For being so ignorant of its meaning for so long, I feel a twinge of guilt every Memorial Day weekend.
It's well-deserved penance for years of failing to appreciate how lucky I was that I never had to go to war.
When I turned 18 in November 1980, the Iran hostage crisis was mere weeks from ending instead of escalating into military conflict. Vietnam was thankfully in the rearview mirror, and a time of relative peace lay ahead.
I was almost 30 when the first deployments of Operation Desert Storm came about in 1991, a frightening time to be sure but not frightening enough to require the services of an out-of-shape 28-year-old newspaper reporter. By 9/11, I was nearly 40.
What a stroke of dumb luck it was for me and my generation to have dodged going to war. My late father's plan to spirit me to Mexico when the first draft notice dropped in our mailbox was never necessary because it never came. I told him I wouldn't run if it did, but it was a hollow declaration when no war was imminent.
My only brush with the emotional upheaval of war is sadly pathetic.
President Jimmy Carter had pushed mandatory registration for the military draft through Congress in the summer of 1980, just weeks after I had graduated from high school.
Carter wanted to show American resolve before the Soviet Union, so 18-year-old males had to register for the draft thanks to Proclamation 4771 of the Military Selective Service Act.
Failure to do so was a felony and could bring a prison term and $250,000 fine.
There were actually a few protesters on hand the day I went to my post office to fill out the draft registration form. One young man asked if I would consider listening to his reasons why I shouldn't register.
Like the unformed slab of clay I was at that age, I lied and said I was there to pick up a package for my mother a memory that makes me wince today.
I had felt compelled to follow the wishes of my president for reasons I didn't question. But at that age, I didn't have the courage of my convictions.
I snuck in and out of the post office like some low-level criminal, fearful of making eye contact with anyone.
Given my youthful ignorance and upbringing, do you know what I would have been had I come of age in wartime?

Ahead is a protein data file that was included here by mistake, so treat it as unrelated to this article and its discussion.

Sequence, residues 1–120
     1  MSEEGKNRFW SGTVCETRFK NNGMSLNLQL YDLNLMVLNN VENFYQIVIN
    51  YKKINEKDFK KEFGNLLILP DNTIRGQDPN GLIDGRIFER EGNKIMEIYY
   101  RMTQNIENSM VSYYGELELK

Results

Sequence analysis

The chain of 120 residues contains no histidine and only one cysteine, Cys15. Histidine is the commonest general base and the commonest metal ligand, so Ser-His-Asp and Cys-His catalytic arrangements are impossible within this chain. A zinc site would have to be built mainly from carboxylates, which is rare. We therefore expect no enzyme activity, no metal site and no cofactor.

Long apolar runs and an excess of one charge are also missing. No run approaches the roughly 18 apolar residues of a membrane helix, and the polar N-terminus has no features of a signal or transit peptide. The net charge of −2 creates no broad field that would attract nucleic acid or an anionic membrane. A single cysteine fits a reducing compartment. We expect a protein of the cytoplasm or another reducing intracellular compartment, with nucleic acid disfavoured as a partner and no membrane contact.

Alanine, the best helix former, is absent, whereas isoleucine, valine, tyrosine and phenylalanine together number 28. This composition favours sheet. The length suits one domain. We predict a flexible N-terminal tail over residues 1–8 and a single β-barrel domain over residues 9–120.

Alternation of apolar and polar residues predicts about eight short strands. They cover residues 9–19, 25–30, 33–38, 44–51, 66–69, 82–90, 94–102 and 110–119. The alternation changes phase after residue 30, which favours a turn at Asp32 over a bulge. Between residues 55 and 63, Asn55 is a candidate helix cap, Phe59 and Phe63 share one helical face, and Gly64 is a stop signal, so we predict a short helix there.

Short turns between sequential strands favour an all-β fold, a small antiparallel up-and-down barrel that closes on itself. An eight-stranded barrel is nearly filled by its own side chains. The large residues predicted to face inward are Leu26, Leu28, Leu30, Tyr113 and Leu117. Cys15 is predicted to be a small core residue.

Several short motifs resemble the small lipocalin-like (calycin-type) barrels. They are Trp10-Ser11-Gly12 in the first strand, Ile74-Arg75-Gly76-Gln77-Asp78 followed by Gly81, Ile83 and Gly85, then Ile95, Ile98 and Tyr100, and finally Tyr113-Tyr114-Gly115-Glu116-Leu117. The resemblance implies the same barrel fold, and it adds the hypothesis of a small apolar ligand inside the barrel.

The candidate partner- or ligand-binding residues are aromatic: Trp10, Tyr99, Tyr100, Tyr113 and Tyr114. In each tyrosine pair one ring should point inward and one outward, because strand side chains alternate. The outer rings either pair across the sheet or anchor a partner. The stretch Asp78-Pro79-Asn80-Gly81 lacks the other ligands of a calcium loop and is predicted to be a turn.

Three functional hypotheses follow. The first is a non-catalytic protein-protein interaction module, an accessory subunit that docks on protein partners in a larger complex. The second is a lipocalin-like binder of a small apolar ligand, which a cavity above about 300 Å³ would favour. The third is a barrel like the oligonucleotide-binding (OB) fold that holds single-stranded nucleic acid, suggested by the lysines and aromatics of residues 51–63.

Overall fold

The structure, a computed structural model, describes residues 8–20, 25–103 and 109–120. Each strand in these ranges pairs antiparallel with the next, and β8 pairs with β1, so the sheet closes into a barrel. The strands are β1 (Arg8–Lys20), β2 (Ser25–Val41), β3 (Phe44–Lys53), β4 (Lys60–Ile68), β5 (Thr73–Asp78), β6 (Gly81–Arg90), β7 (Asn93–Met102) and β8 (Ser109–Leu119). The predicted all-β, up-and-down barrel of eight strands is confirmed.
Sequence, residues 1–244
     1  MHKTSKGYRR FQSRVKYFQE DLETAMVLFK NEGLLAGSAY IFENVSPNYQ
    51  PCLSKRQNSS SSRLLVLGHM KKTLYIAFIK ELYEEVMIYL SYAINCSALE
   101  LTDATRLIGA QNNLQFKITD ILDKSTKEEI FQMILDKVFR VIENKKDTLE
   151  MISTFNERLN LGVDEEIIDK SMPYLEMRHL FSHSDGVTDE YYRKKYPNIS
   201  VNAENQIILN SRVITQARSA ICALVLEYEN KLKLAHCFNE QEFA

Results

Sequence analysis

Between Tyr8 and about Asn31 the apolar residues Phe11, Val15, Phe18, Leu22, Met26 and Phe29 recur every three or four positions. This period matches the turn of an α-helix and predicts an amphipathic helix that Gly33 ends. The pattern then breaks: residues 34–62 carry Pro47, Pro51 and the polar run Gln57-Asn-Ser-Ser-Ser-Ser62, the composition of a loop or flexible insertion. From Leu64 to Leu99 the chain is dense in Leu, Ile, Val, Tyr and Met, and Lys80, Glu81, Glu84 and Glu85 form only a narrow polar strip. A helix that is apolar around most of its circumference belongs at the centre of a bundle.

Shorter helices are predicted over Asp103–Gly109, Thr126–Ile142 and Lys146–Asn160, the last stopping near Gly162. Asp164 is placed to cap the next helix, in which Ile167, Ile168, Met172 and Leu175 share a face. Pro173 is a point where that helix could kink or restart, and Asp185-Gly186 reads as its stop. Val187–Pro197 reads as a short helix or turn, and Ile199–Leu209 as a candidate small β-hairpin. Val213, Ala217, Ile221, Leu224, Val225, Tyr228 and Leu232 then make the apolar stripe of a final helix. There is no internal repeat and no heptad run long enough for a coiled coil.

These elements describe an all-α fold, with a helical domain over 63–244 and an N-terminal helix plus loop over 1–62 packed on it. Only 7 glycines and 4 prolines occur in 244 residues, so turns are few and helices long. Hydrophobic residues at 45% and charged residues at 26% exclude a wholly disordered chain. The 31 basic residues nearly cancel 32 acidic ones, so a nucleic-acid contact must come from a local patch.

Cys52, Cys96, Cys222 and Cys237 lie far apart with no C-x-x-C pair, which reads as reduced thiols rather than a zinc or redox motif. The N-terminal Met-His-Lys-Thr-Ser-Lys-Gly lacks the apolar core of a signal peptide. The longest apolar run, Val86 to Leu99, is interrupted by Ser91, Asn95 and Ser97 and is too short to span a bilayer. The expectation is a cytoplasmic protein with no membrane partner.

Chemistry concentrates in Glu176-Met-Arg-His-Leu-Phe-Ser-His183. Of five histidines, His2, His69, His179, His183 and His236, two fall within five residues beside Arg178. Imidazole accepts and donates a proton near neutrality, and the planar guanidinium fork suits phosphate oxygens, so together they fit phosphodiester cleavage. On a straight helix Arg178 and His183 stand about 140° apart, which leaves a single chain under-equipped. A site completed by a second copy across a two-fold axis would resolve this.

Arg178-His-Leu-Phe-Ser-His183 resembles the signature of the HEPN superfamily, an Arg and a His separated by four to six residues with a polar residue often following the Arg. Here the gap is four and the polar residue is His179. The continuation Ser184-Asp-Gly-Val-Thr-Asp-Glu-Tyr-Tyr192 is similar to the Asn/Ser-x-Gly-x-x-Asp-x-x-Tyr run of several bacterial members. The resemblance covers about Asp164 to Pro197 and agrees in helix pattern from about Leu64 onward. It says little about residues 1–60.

I would have been one of those kids from working- class neighborhoods kids whose families struggle to make ends meet who would have gone off to war with little understanding of why or what it meant.
Since 2003, perpetual wars in Iraq and Afghanistan have claimed more than 6,000 American casualties. More than 700 of them were from California, the most of any state. More than 58,000 Americans were killed in the Vietnam War with more than 5,000 hailing from California, again the most of any state.
Why was my generation so lucky?
If I had been born 10 years earlier or 20 years later, I easily could have been one of those killed in war. The memory of me might have been distilled to a smiling portrait frozen in time and viewed by my family with increasing sadness as the years rolled on.
A future relative might have looked upon my distant image and asked: "Who was that?"
Beyond patriotic hyperbole and war hype, private moments like those are the truest measures of devotion for military families.
The rest of us get to go on with our lives; they don't. The rest of us view this weekend as a mindless respite. They view it as a mournful reminder.
In the last decade of Operation Iraqi Freedom and Operation Enduring Freedom, my life has gotten only better and more prosperous as military planes continually returned home with flag-draped coffins.
I've had the time and luxury to slowly develop the courage of convictions that I once lacked, to become a husband, a father and a journalist. That unformed slab of clay was unbelievably blessed to never come within 10,000 miles of a military convoy intersecting with suicide bombers.
As the gifts of life came my way, the echo of Vietnam a frightening specter of my childhood dulled to a whisper and slowly faded from the center of our popular culture.
The last three U.S. presidents Clinton, Bush and Obama evaded warfare through influential connections or fortunate birthdays like me. For more than a decade, the leaders of our nation have sent men and women into a danger they never had to face themselves.
The burdens and sacrifices of Memorial Day are acutely felt by so few.
This weekend, my American flag is flying in front of my home, but that's not enough. We'll fill Facebook and Twitter with easy platitudes aimed at our war dead and their families, but it's not enough.
Many of us are free and happy because someone else put defending our nation's interests over everything else. How to repay that debt?
Whenever I see someone in uniform now I always make a point to say thank you. But as I turn and walk away, I always hear the same words in my head: It's not enough.